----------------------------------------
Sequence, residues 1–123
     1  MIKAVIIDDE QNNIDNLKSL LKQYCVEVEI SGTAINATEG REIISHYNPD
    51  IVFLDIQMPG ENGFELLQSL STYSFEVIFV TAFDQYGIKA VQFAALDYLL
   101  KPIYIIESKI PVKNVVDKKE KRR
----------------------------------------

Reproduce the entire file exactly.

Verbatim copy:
Sequence, residues 1–123
     1  MIKAVIIDDE QNNIDNLKSL LKQYCVEVEI SGTAINATEG REIISHYNPD
    51  IVFLDIQMPG ENGFELLQSL STYSFEVIFV TAFDQYGIKA VQFAALDYLL
   101  KPIYIIESKI PVKNVVDKKE KRR